How can we boast about GDP growth of 4.3% when we had 10% not too far away?
Past performance is often easily forgotten. So, it is easy to tell the public, “I remain confident that given the developments in the first half of 2017, the projected growth rate of 4.3% for 2017 remains feasible,” as the Honorable Minister of Finance, Mr. Felix Mutati recently proclaimed.
Usually, the minds of the people are focused on the present, rarely in the past, so some will see the 4.3% figure and think the economy is surging forward and therefore applaud the minister’s statement. Some public statements by leaders have a tendency to burnish the speakers’ celebrity and carry with them erosion of the real problem. If I were to explain the country’s economic performance, I would not focus on the present or future alone because the past plays an important role on both.
Compared to 2010 for example, when Zambia’s GDP growth rate was 10% and since then eroded and continued to follow a spiral downturn to 3.0% in 2016, I would feel nervous to ignore reference to it and speak at length about 4.3% (Figure 1) only. The arrival at 10% shows that it is possible to grow the economy massively. If the 10% level had been maintained, the country would have made exceptional economic advancement. The question is, “Why is it always copper, the decline in world prices that is the explanation?”
It is also extremely essential for public officers to be factual and present balanced information about the economy instead of focusing on the mask that always grins cheerfully when behind it there are miserable images of children who cannot eat even one meal a day. Or, as if we did not have growth of 10%.
There’s another point. After so many foreign trips to the World Bank and IMF, and I do include the last four or five decades, and national newspapers always showing the finance ministers talking about these organizations, it gives me an impression of loss of the country’s own economic soul. It feels as if the ministry of finance might as well be renamed something similar to these organizations. In other words, what has remained of our own Zambian identity of the economic activities other than talking about debts from these organizations? What else are we doing about the economy other than reference to borrowing and using this money on development projects?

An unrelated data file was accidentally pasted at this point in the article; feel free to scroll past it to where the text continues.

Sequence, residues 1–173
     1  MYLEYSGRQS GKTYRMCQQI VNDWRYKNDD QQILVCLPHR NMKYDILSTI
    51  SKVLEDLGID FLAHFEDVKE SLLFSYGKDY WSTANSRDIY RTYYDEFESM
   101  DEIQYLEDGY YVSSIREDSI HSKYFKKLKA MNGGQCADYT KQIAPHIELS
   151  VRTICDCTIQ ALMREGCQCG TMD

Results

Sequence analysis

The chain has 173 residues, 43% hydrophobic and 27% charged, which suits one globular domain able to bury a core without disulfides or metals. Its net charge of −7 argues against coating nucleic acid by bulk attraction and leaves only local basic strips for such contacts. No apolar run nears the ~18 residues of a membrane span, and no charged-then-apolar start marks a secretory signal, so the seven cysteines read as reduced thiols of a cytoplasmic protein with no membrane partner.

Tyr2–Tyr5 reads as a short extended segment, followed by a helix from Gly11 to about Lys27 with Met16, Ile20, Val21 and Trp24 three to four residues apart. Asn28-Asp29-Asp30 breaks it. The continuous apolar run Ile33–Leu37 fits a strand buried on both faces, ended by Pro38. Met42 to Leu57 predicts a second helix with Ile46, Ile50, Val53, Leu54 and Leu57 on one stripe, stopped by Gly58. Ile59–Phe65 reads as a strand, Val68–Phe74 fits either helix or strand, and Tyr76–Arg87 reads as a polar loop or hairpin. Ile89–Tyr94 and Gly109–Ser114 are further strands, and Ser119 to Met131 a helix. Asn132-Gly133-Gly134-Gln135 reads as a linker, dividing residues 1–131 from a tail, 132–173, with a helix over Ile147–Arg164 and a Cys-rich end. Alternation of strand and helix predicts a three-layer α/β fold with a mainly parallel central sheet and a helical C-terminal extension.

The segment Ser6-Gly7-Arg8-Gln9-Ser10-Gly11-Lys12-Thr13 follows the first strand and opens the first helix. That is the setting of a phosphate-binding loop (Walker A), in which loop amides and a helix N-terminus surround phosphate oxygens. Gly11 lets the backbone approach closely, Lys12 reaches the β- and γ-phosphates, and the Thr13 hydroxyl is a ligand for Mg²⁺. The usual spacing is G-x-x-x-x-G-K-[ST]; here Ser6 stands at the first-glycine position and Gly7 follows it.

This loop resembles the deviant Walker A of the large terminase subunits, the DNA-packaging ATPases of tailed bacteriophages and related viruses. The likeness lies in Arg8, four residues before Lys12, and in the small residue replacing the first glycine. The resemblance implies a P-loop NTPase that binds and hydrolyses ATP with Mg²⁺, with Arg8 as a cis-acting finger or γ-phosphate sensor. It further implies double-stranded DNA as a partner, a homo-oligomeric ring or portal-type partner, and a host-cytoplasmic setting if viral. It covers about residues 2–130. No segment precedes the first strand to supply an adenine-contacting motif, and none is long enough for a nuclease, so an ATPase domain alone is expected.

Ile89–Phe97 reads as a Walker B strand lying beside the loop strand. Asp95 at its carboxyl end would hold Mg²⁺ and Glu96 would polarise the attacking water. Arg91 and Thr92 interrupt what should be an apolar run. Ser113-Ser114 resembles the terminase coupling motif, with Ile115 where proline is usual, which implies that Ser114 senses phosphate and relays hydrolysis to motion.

What else are we doing about the economy other than reference to borrowing and using this money on development projects
Botswana and Namibia are also rentier states but I am not sure that their ministers of finance are always implementing programs of the World Bank. I’m sure they have a large part of their economic activities based on indigenous and not borrowed money. So, we must we also rebrand our economic activities and prevent debt from eroding the national economic identity. As a central economic activity, we must have something that is Zambian with outside help as a minor complementary component if at all. So also, we must speak more about this Zambian identity than the World Bank. The World Bank itself will be prouder to be associated with this thing called indigenous Zambian economy with them playing a minor role.
We must compare our performance with others
A child eats his food cooked by his mother, cleans his mouth and says, “She is the best cook.” But the next day after eating from his friend’s home, he says, “I have to tell my mother to do better.” What he said later matters more than the first. And that is the way this country must run. Whenever the Zambian economy grows, we proclaim ‘excellency.’ Yet, there are others near us that are doing better, and from whom we should learn but we prefer to ignore. Comparisons breed competitiveness which is essential for survival and success. When we do better, others envy. When we do badly, we learn to do better and compete effectively.
Table 1 below shows a ranking of higher performers among SADC countries to which Zambia belongs. In 2012 for example, SADC’s GDP growth rates were dominated by Zimbabwe with 11% growth and Zambia ranking number 3 with 8% growth. In 2013, Zambia’s growth plummeted to number 7 after recording growth of 5%. Here, Zambia must ask itself what happened and how to fix it. Again, the explantion is largely copper. In 2014, Zambia’s growth remained flat at 5% and also the ranking of number 7. 2015 was a disaster with the ranking going down to 10 with growth of 3% that continued in 2016 althouhg the ranking went up to number 6. Why did we not maintain the 2012 growth?